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Admitting I have a problem

Words by Chelsey Milkovich

The upset, the downfall, the clear skies and everything in between conquering anxiety

leaf graphic
Illustration by Samantha Nold.

Start deadline story, review politics study guide, work on microeconomics homework, study for law discussion and quiz tomorrow, take vitamins, brush teeth, go to sleep, wake up, brush teeth, drink smoothie, go to the gym, go to class, go to work, go to second job, go home, study, turn in deadline story. A list this specific and precise would make for a mess I like to call an anxiety attack.

As I struggled to focus on my homework for microeconomics, each breath I took grew heavier and became more apparent. Is this a perfect competition? A monopoly? The sweat began to develop on my forehead. What am I going to make for dinner tomorrow? Wait, do I even have any groceries? Oh my god, I won’t be able to eat tomorrow. My hands began to tremble as I struggled to hold a steady grip on my paper. Do I work both jobs tomorrow? Oh my god, I can’t remember my schedule.

And that’s when the anxiety attack went from mental to physical, and my body was locked in the bathroom. I found myself curled into the fetal position for about an hour. Unfortunately, these little anxiety attacks were a typical day in the life of this young adult.

According to News In Health, a monthly newsletter from the National Institutes of Health, tens of millions of Americans of all ages suffer from long-term anxiety, or generalized anxiety disorder. Anxiety disorders are the most common form of mental illness found in children and have a tendency to carry on into adult life. This is where my story begins.

As a child, I was terrified to eat in front of my classmates at lunchtime. When we took tests, I would almost always finish first, but I wouldn’t dare be the first student to take his or her paper to the teacher. If a friend asked me to come over for a playdate, I would regretfully decline, in fear that I would be too uncomfortable leaving my family for the night. If I ever woke up late, I would rather stay home in bed for the entire day then walk into class 10 minutes after it began. The thought of my classmates staring at me as I walked through the door all the way to my seat made my heart race. From my early elementary school years to my freshman year of college, this was a problem that encompassed my life far too long.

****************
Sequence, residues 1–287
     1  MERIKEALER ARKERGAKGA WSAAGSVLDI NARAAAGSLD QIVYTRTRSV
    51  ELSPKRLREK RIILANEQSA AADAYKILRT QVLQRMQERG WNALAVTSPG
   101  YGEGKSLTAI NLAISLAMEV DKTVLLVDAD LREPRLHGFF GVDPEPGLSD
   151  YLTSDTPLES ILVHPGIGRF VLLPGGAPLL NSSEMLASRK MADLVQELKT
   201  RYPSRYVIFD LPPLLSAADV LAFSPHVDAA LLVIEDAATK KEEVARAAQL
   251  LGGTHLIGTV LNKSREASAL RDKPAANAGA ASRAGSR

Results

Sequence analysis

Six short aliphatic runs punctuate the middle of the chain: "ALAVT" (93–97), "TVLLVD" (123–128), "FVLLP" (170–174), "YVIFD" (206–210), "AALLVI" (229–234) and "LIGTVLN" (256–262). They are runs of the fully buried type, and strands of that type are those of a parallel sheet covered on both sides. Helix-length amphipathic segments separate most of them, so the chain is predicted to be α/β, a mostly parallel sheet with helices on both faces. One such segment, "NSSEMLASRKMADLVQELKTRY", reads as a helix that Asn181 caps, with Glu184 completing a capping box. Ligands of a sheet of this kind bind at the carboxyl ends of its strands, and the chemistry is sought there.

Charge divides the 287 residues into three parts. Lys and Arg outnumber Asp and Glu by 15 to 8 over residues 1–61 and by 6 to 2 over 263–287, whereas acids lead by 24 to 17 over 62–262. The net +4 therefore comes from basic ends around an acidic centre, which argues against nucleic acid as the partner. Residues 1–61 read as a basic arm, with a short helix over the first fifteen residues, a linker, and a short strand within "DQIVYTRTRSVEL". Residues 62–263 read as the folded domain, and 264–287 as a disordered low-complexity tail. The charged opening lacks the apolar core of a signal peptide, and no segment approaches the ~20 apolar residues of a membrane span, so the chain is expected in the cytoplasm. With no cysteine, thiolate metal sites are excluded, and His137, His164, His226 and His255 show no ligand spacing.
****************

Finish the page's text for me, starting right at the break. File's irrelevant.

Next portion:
At the beginning of each school year, from kindergarten to sophomore year of high school, the thought of starting school back up made my voice tremble and my hands shake. The bus ride to school was a nightmare if I didn’t have someone to talk to and calm me down, because the thought of getting to school and not having a single soul remember who I was always flooded my mind.

My mother worried about my anxiety every year until my senior year of high school. I was finally comfortable with my surroundings and didn’t care what anyone thought of me.

I had a great boyfriend and a caring group of friends that always kept me busy. Whether it be milkshake dates to Steak ’n Shake on Friday nights or lazy Sundays on my couch watching football games only the boys were interested in, there was always someone to make the days go by. Even with a severe case of senioritis, my grades were top notch. I had the typical high school senior attitude—I was unstoppable.

It wasn’t until my mother mentioned my growth that I truly noticed how well I was doing. My confidence was sky high, and my thoughts about every single detail about every single day no longer bothered me. Unfortunately, senior year was very short-lived because the next year when I decided to go away to college, I was right back to the anxiety-driven drawing boards.

According to the Anxiety and Depression Association of America, more than 40 million men and women in the United States are diagnosed with anxiety every year. Almost seven percent of college students report having symptoms. Worrying about how to deal with this new lifestyle as an independent person is one of the biggest transitions students beginning college struggle with, and they often show multiple anxious symptoms. Between balancing school, multiple jobs, friends, family, being independent for the first time and being pulled in different directions all at the same time, it was clear to me that I was absolutely among the seven percent.

The day my parents dropped me off at college is a day I will never forget. The 20-minute car ride from my house to the University of Akron seemed like a lifetime with the rate my heart was beating. I remember counting each and every street sign we passed and each red light we stopped at to keep my mind off leaving my family. The moment we reached the parking garage, my heart raced so fast I swore I could see it beating through my shirt. The further we drove, the more I wished the parking garage would be an endless driveway so I wouldn’t have to be left alone to start my college career. The second my father found a parking spot and put the truck in park, my stomach dropped to the pit of my stomach. This is it.

The first month of my college career consisted of my counting steps to classrooms where I would arrive 20 minutes early just so I wouldn’t have to worry about anyone looking at me walk in the classroom. Every night I would call my mother at 5:35, approximately five minutes after I knew she would be home from work. It also gave me enough time to prepare and relax my voice so my mother wouldn’t be able to tell I was upset and anxious.

Unfortunately for me, she’s my mother, and she always knew how I was feeling and when I was putting on a show. She could tell I hadn’t made any new friends and that I had no desire to go out and meet people. The only reason I was showing up to all of my classes was to do something with my time. The time I didn’t spend in class was the time I spent sulking and worrying on my own. The worst part? I was worrying for no reason. There was never an explanation as to why I was so upset—why I was so nervous and anxious—and I didn’t understand why it had to be me. It was the first semester of my first year of college that I began to have the darkest thoughts that I needed to make disappear immediately.